“The proof of the pudding is in the writing. You have to keep at it every day. It’s difficult. I’m always amazed at how many people think they can write a novel,” said Ilija Trojanow, author and artist-in-residence at STIAS. Trojanow provided a fascinating glimpse into the conceptual process and extensive research and preparation that goes into writing his novels and gave insight into his work in progress which he described as “a particularly complex one”.
“Unwieldy, complicated narratives are recipes for lots of work,” he said.
He described his seminar to STIAS fellows as “opening my literary laboratory – usually a very protected and fragile space – and describing the conceptual, factual and linguistic ruminations that define the narrative genesis of a novel”.
Trojanow described the novel as being within the utopian genre.
“I’m very interested in this genre,” he said. “It has nearly died out. There has been an onslaught of dystonia – Hollywood produces about 20 a year. I felt a poetic and political urge to revive the genre. I think it has fallen away due to intellectual laziness. In offering an exaggerated version of reality, dystonia is easier to write. Utopia requires an enhanced imaginative effort – it’s about turning the world upside down, questioning whether reality has to be what it is; aspiring for something unreachable, a beacon, inspiration.”
“We live in times of the apocalypse. We keep dystopias like pets: imagining the end of the world is one of our favorite pastimes and a mass-culture phenomenon. Neoliberal ideology has convinced us that it’s a shitty world but nothing else is possible.”
“I believe it’s necessary to resist this trend with literary means by reactivating utopia as a genre. I believe we need a utopian novel.”
“But there are inherent narrative challenges,” he continued. ‘There are few good examples of utopian literature. Previous utopias have usually been dull and schematic, mainly due to the seemingly unavoidable sociology of the fantastic. I’m hoping to find a way to express the beauty of utopian thinking.”
“The challenges are huge,’ he added, “you have be able to describe in detail a world that doesn’t exist – a blueprint for a possible future society – as well as describing how we will get there.”
Hence the importance of the conceptual and structural work which aims at figuring out the challenges and solving them.
“Like an architect you want a static outline of the building, a conceptual understanding before you inhabit it. In the end, hopefully, you can throw away the scaffolding,” he said.
This groundwork has involved a year of thinking and researching already, and Trojanow estimates the actual writing will take a few years too. “But these are the ruminations a novelist has to undertake and the research you do if you take novels seriously.”
In helping him to imagine a utopian future he has conceived of the Utopian Space Project – which will create a platform to bring together the leaders of current utopian thinking from different fields.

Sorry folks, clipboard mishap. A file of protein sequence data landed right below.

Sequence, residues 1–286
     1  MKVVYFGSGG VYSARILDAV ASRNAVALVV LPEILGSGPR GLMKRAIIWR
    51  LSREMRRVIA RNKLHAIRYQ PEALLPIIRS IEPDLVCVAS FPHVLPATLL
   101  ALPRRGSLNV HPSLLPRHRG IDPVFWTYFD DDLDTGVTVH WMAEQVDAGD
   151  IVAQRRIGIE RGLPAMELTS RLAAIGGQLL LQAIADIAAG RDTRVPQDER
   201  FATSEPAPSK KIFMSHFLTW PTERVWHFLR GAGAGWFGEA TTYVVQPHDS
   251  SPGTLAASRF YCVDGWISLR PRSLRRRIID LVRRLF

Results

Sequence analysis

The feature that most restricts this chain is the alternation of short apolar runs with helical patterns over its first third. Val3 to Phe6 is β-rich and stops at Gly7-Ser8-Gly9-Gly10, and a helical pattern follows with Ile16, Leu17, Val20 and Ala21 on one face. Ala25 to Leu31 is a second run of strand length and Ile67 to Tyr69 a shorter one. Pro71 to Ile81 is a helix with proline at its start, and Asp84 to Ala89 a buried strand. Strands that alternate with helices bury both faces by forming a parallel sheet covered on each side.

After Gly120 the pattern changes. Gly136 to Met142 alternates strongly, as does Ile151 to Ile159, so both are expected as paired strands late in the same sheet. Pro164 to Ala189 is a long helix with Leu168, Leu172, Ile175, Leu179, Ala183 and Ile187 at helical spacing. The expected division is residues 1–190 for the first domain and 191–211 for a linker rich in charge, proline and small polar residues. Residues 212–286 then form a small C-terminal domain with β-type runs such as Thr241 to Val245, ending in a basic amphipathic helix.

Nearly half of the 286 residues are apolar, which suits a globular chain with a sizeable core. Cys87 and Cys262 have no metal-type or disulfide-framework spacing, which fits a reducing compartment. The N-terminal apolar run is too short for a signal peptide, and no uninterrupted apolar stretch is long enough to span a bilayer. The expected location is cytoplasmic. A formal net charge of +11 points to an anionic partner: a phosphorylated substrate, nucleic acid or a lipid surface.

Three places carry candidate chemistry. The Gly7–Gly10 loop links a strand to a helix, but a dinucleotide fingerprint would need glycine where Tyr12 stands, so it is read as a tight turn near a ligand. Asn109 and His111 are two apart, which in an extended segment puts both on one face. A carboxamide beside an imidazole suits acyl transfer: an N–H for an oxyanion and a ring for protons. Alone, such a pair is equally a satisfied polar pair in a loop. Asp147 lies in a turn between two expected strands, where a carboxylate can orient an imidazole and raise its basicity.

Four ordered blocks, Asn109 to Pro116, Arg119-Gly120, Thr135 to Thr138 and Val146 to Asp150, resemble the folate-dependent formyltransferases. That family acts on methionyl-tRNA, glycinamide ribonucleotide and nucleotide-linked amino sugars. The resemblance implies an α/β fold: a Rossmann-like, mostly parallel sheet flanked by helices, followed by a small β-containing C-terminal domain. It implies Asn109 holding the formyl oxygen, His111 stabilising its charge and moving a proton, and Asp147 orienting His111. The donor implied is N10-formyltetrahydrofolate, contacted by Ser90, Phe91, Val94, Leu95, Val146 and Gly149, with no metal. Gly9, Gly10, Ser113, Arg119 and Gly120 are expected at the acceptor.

“I’m hoping to feed the novel from a political activism project fed by multitudes of noble, clever souls,” he said.
When decisions in one world, change those in another
Trojanow will also use the novel to explore a deeper understanding of time travel; the existence of multi-verses – alternative parallel universes; how language has become ‘contaminated’ in different time periods; and, artificial intelligence. He hopes to unpack the idea of “moments in time when decisions radically changed the destiny of mankind”.
“This novel will connect the positive future world with pasts known to us through the narrative means of time travel, so that – as a negative – the madness of the social, economic and political forms of existence chosen by us as well as the possible alternatives become visible.”
To do this he envisages a young activist, a time traveller, who is sent – partly voluntarily partly by accident – to four different epochs: among pirates in the Caribbean around 1720, around the assassination attempt on Lenin in Moscow in 1918, at the Olympic Games in Sarajevo in 1984 and during a religious upheaval in Bombay in the present.
“Each of these temporal levels will make use of a certain genre and differ stylistically from the others. A series of central questions of humanity will be dealt with in a playful and dramatic way.”
In discussion, he reflected that there are some questions which should not concern the artist. “An author cannot influence how a novel is perceived – the critics and readers will decide – that’s part of the risk.”
“But,” he added,” the creative process is one of continuous doubt.”
“I believe that novels are still the best form we have to reflect on the past, present and future. Novels have the potential to reflect on all the major questions mankind faces. The novel is alive and kicking and popular. We should always be exploring the boundaries of what a novel can be.”
Michelle Galloway: Part-time media officer at STIAS
Photograph: Christoff Pauw